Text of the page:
Skywatcher 114L reflector


 Info  Votes  Messages  More Stats  Up One Level
Brand and Model:Skywatcher 114L reflector
Price ($USD):$270 ($400 CAN)
Type:Newtonian
Attributes: un-checked Go-To un-checked PEC
Aperture:114mm (4.5")
f Ratio:f/8
Focal Length:915mm
Finder:6x30
Electric Power:none
Mount:EQ 2
Tripod:adjustable
Weight (lbs):28 lbs.
Dimensions (w/h/d):
Description:excellent beginners' telescope.

Vote Highlights Vote
Skywatcher 114L reflector
This was Synta's (owners of several companies including SkyWatcher) entry level reflector at the time I acquired it. Unfortunately no documentation came with it, which was later found on SkyWatcher's Web site. This is where I learned about collimation; on mine, even the secondary mirror had to be aligned (was way off!) But since then, I only have to fine tune the primary mirror once in a while.

Mechanically, slow-mo is fine, although the declination cable comes loose regularly. The tripod isn't bad, but the EQ-2 equatorial mount is notoriously shaky. I did a few DIY modifications on it, but still isn't sturdy enough (wind, ground vibrations...). Both axes do not move very smoothly; a lack of precision, of fluidity, can be felt which causes a shift in the position of the object in the eyepiece. The focuser's rack and pinions are filled with thick and sticky grease, not the greatest. I cleaned the whole thing and replaced the grease with a higher quality grade.

The optics is none the less surprising, although not up to meet with my best EPs (orthos and Hyperion). Very little astigmatism or coma is present, if any, with a few of the EPs; which means the problem could be from these EPs themselves. I can easily see the Airy disk, pass the star test satisfyingly, etc. But I can detect some spherical aberration which limits details visible with this scope, especially for planetary observation. Yet for splitting doubles, it's just fine! Alarkis, a 2'' double star in the constellation of Drako (tighter than Lyra's double-double), is easily separated at a power of only 70x. As mentioned before, planets may not have quite enough details, even for a scope this size. But on the best nights I can still make out at least 2 dark bands of clouds and the south pole on Jupiter; I was even able to spot the GRS! Colors are just right. M42 amongst others was a delight when viewed from my previous home (country house), but now from downtown, it's another story: the help of a good light pollution filter is a must. But be careful not to select one that is too restrictive; for this scope I would recommend a broadband filter.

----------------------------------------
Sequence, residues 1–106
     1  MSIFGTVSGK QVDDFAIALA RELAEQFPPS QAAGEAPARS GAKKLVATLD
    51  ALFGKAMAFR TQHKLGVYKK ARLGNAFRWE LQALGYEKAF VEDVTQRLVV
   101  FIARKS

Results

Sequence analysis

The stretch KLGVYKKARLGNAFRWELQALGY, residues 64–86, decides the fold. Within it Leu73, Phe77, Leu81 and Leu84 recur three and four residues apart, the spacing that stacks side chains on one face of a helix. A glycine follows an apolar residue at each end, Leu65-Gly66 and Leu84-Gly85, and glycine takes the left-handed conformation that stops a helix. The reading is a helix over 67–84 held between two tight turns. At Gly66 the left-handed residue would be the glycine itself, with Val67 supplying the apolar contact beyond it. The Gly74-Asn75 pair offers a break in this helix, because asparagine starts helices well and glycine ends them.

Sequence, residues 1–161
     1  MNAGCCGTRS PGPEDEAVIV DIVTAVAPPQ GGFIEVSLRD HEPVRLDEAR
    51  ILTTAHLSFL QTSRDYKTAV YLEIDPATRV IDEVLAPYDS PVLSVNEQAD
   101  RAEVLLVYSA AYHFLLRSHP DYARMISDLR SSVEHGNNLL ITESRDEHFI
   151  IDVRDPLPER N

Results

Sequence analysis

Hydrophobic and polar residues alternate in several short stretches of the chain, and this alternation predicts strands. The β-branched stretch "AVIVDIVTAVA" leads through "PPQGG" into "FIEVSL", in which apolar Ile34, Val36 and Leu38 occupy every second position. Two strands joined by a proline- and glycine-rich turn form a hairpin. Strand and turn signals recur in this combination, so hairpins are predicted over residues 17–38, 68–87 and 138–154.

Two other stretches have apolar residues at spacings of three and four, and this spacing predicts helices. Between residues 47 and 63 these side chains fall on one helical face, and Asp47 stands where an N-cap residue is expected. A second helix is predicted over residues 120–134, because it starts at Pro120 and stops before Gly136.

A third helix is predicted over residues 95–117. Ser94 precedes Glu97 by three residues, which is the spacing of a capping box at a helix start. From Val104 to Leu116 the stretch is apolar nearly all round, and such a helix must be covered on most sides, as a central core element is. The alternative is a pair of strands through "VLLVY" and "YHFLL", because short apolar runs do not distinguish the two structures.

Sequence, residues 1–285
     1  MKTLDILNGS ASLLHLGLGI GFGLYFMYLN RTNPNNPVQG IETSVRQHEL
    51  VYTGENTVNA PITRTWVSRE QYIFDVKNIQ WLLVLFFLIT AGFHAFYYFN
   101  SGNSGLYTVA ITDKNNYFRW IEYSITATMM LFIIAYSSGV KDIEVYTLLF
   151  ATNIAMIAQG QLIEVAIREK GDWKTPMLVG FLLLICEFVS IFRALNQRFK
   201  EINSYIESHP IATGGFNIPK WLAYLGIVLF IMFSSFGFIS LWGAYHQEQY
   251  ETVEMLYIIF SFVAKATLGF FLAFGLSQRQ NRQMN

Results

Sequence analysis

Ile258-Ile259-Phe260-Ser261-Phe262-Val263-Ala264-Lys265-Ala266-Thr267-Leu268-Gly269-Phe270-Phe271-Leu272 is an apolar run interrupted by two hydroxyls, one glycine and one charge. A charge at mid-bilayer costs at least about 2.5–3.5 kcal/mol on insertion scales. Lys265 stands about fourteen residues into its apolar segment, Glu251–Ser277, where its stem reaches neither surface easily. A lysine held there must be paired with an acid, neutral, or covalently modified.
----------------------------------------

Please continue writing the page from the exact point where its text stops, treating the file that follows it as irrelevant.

As for the pieces included with the telescope (10mm + 25mm Kellner and a 2x Barlow), might as well forget about them... They served their purpose for a short while, but no more. I believe this scope is now shipped with Plossls and no Barlow; this is a good move! I replaced the finder a while ago for a Telrad; I felt it was too small to be useful.

Since the primary mirror is slightly imperfect and all accessories included were eventually replaced, I cannot recommend this telescope to any serious amateur; after all, it is what it is: a beginner’s telescope. But as such, it remains an interesting choice (certainly better than what you can get in large department stores!) The quality is sufficient to keep you watching regularly, even for years as I did.

I now own a Skywatcher Dob8 and use a Celestron C80 ED once in a while.